Chinese President Xi Jinping said Monday his country is willing to work with Pyongyang to “preserve peace and stability” on the Korean Peninsula, in a message to leader Kim Jong Un reported in state media.
Xi’s remarks, conveyed in an exchange with Pyongyang’s ambassador to China, come shortly after US President Joe Biden’s top envoys held talks in Seoul, drawing ire from North Korea.
Last week, the North accused the new US administration of adopting a “lunatic theory” toward it and ruled out any engagement with Washington unless it changed course on its policy.
US Secretary of State Antony Blinken and Pentagon chief Lloyd Austin’s trip to East Asia had provoked Pyongyang’s first acknowledgement of the changing of the guard in Washington.
Kim also relayed a message to Xi – via the North Korean ambassador to an official, Xinhua said Monday – and expressed his country’s “unswerving position” to strengthen the relationship between both sides.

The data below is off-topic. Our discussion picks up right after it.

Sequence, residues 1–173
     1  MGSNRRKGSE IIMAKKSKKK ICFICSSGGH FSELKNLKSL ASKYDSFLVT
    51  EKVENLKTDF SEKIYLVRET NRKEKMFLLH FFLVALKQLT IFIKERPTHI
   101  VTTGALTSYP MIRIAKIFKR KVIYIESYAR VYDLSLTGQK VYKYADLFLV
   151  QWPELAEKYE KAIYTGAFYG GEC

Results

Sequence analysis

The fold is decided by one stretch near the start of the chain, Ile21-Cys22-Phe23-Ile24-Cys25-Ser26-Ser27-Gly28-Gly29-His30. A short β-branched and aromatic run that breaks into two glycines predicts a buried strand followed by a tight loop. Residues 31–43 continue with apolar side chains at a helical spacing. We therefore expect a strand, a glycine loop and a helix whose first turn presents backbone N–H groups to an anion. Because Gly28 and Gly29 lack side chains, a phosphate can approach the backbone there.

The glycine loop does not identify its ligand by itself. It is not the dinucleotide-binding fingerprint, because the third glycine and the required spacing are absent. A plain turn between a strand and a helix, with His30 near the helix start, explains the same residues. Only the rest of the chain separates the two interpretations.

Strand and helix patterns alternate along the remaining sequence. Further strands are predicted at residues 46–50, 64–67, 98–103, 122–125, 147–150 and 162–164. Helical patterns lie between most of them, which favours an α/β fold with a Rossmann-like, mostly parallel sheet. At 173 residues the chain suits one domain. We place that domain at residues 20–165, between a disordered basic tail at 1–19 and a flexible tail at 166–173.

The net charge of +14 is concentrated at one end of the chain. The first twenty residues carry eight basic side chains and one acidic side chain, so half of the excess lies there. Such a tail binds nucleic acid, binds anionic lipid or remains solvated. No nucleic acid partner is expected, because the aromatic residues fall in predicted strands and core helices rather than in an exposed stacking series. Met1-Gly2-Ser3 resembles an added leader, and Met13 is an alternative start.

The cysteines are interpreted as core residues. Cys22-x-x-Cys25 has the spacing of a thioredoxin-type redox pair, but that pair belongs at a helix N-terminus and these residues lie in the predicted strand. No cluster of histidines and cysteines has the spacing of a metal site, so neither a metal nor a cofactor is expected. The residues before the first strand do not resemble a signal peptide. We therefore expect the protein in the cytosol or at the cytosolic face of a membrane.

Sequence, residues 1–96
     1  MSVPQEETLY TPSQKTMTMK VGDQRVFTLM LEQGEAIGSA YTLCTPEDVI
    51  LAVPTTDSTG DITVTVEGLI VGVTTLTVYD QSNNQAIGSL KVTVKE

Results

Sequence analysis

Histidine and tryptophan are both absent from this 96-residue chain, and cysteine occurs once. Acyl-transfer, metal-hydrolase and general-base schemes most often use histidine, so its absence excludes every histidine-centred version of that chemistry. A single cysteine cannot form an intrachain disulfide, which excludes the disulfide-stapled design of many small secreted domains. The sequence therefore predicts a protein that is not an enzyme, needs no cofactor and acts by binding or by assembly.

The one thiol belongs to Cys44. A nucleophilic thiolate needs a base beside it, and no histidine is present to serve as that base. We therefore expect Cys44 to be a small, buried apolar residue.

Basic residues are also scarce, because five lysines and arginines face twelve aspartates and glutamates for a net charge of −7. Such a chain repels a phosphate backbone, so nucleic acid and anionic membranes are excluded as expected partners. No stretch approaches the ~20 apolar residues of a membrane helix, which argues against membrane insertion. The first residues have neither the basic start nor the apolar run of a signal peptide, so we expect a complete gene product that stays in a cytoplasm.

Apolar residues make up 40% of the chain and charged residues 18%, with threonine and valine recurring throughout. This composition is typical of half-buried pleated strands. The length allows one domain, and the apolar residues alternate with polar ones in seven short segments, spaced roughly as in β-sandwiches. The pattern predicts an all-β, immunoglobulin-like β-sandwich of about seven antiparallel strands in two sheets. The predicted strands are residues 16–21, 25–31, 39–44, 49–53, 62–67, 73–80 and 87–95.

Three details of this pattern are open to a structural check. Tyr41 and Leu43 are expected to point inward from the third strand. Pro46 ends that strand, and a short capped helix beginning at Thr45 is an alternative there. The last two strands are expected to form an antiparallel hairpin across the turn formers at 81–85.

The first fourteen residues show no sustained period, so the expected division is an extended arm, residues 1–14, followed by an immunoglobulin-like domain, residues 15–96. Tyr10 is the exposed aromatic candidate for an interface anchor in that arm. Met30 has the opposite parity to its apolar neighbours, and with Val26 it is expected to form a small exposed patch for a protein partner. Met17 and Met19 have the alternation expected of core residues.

The exchange, the first reported between the two since January, comes after the Biden administration’s first talks with Beijing in Alaska.
Xi also said China was “willing to work with the Democratic People’s Republic of Korea (DPRK) and other related parties to uphold the political settlement of the Korean Peninsula issue and preserve peace and stability on the peninsula,” Xinhua reported.
Talks between former US President Donald Trump and Kim deadlocked after their second summit in Hanoi in early 2019 broke up over sanctions relief and what Pyongyang would be willing to give up in return.
The North remains subject to sanctions over its banned weapons programs, and it voluntarily closed its borders for over a year to try to protect itself against the coronavirus pandemic.
The new US administration is reviewing Washington’s policy toward the North, and after the US envoys met their South Korean counterparts, Blinken reiterated the US goal of “the denuclearization of North Korea.”